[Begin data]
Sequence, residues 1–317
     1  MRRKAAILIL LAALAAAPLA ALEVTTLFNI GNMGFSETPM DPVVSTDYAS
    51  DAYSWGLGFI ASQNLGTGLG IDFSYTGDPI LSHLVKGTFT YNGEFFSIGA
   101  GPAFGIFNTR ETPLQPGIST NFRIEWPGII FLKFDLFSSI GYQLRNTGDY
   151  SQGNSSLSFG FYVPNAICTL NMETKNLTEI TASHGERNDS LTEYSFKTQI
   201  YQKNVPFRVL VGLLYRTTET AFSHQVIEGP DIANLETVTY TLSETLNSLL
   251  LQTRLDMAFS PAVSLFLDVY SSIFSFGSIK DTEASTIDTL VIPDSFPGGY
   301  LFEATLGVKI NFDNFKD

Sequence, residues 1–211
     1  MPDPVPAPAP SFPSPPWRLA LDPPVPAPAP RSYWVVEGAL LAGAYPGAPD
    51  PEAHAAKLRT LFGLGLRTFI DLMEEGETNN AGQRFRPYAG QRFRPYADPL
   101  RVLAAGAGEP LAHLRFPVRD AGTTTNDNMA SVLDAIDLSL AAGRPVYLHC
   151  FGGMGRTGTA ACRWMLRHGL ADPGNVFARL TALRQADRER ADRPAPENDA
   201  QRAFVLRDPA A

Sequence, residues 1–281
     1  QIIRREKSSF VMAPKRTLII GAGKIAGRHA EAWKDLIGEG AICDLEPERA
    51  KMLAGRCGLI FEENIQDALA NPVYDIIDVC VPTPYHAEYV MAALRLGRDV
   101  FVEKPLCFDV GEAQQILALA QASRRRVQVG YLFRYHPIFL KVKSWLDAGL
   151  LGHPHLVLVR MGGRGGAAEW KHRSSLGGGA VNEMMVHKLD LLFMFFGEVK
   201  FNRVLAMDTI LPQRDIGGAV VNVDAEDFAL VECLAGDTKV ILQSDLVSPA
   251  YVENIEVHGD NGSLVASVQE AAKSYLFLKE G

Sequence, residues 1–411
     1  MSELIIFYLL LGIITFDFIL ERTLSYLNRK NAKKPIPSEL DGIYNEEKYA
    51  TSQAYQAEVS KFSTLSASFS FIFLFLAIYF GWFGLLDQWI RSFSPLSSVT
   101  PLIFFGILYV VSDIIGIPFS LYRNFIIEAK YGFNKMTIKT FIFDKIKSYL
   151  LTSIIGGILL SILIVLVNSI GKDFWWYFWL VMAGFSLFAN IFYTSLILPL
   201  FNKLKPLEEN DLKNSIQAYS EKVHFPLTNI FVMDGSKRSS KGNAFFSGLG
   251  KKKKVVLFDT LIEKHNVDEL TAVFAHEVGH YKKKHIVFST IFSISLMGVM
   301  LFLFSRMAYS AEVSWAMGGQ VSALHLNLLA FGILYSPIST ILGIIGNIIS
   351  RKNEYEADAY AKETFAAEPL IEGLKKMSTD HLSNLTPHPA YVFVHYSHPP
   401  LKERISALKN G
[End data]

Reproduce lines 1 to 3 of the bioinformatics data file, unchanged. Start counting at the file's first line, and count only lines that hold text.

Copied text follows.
Sequence, residues 1–317
     1  MRRKAAILIL LAALAAAPLA ALEVTTLFNI GNMGFSETPM DPVVSTDYAS
    51  DAYSWGLGFI ASQNLGTGLG IDFSYTGDPI LSHLVKGTFT YNGEFFSIGA